And Satan, turning to the gardener, said:
"Nectaire, you fought with me before the birth of the world. We were conquered because we failed to understand that Victory is a Spirit, and that it is in ourselves and in ourselves alone that we must attack and destroy Ialdabaoth."

Philip Pullman Foto

„From what we are, spirit; from what we do, matter. Matter and spirit are one.“

—  Philip Pullman, buch The Subtle Knife

Quelle: The Subtle Knife

Jim Butcher Foto

„We all have our demons.“

—  Jim Butcher, buch Fool Moon

Fool Moon

Dana Gioia Foto

„Teach us the names of what we have destroyed.“

—  Dana Gioia American writer 1950

"A California Requiem"
Poetry, Interrogations at Noon (2001)

Ludwig Feuerbach Foto

„We have busied ourselves and contented ourselves long enough with speaking and writing; now at last we demand that the word become flesh, the spirit matter; we are as sick of political as we are of philosophical idealism; we are determined to become political materialists.“

—  Ludwig Feuerbach German philosopher and anthropologist 1804 - 1872

Lecture I, Occasion and Context
Lectures on the Essence of Religion http://www.marxists.org/reference/archive/feuerbach/works/lectures/index.htm (1851)

Ken Wilber Foto

„With science we touch the True, the "It" of Spirit. With morals we touch the Good, the "We" of Spirit. What, then, would an integral approach have to say about the Beautiful, the "I" of Spirit itself? What is the Beauty that is in the eye of the Beholder? When we are in the eye of Spirit, the I of Spirit, what do we finally see?“

—  Ken Wilber American writer and public speaker 1949

The Eye of Spirit : An Integral Vision for a World Gone Slightly Mad (1997)
Kontext: The integral vision, I believe, is more than happy to welcome empirical science as a part — a very important part — of the endeavor to befriend the Kosmos, to be attuned to its many moods and flavors and facets and forms. But a more integral psychology goes beyond that... With science we touch the True, the "It" of Spirit. With morals we touch the Good, the "We" of Spirit. What, then, would an integral approach have to say about the Beautiful, the "I" of Spirit itself? What is the Beauty that is in the eye of the Beholder? When we are in the eye of Spirit, the I of Spirit, what do we finally see?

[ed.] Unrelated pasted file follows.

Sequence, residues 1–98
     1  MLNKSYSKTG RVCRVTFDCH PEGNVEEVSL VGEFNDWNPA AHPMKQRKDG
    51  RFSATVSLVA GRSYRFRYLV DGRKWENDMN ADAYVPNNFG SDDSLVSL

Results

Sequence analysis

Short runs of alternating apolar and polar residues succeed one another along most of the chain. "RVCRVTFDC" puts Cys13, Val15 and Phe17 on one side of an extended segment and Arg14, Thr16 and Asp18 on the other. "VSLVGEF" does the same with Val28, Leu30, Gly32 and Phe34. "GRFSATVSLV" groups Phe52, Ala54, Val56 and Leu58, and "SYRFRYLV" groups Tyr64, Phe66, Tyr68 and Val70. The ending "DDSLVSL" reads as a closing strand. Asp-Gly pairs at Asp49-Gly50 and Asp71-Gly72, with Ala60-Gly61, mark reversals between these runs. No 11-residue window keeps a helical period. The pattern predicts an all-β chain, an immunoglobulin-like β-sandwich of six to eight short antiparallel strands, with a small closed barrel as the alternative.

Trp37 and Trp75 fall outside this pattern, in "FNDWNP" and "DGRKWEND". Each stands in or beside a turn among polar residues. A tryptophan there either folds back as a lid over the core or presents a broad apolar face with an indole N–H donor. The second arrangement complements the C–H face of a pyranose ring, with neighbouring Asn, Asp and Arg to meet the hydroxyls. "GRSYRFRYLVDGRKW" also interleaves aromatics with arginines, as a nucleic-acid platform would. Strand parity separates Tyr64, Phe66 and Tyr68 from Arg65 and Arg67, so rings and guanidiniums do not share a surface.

Albert Schweitzer Foto
Peter Matthiessen Foto

„We have outsmarted ourselves, like greedy monkeys, and now we are full of dread.“

—  Peter Matthiessen, buch The Snow Leopard

Quelle: The Snow Leopard

Adyashanti Foto
Bawa Muhaiyaddeen Foto
Teresa of Ávila Foto

„May it please His Majesty that we fear Him whom we ought to fear, and understand that one venial sin can do us more harm than all hell together; for that is the truth. The evil spirits keep us in terror, because we expose ourselves to the assaults of terror by our attachments to honours, possessions, and pleasures.“

—  Teresa of Ávila Roman Catholic saint 1515 - 1582

Quelle: The Life of St. Teresa of Jesus (c.1565), Ch. XXV. "Divine Locutions. Discussions on That Subject" ¶ 26 & 27
Variant translation: I do not fear Satan half so much as I fear those who fear him.
Kontext: May it please His Majesty that we fear Him whom we ought to fear, and understand that one venial sin can do us more harm than all hell together; for that is the truth. The evil spirits keep us in terror, because we expose ourselves to the assaults of terror by our attachments to honours, possessions, and pleasures. For then the evil spirits, uniting themselves with us, — we become our own enemies when we love and seek what we ought to hate, — do us great harm. We ourselves put weapons into their hands, that they may assail us; those very weapons with which we should defend ourselves. It is a great pity. But if, for the love of God, we hated all this, and embraced the cross, and set about His service in earnest, Satan would fly away before such realities, as from the plague. He is the friend of lies, and a lie himself. He will have nothing to do with those who walk in the truth. When he sees the understanding of any one obscured, he simply helps to pluck out his eyes; if he sees any one already blind, seeking peace in vanities, — for all the things of this world are so utterly vanity, that they seem to be but the playthings of a child, — he sees at once that such a one is a child; he treats him as a child, and ventures to wrestle with him — not once, but often.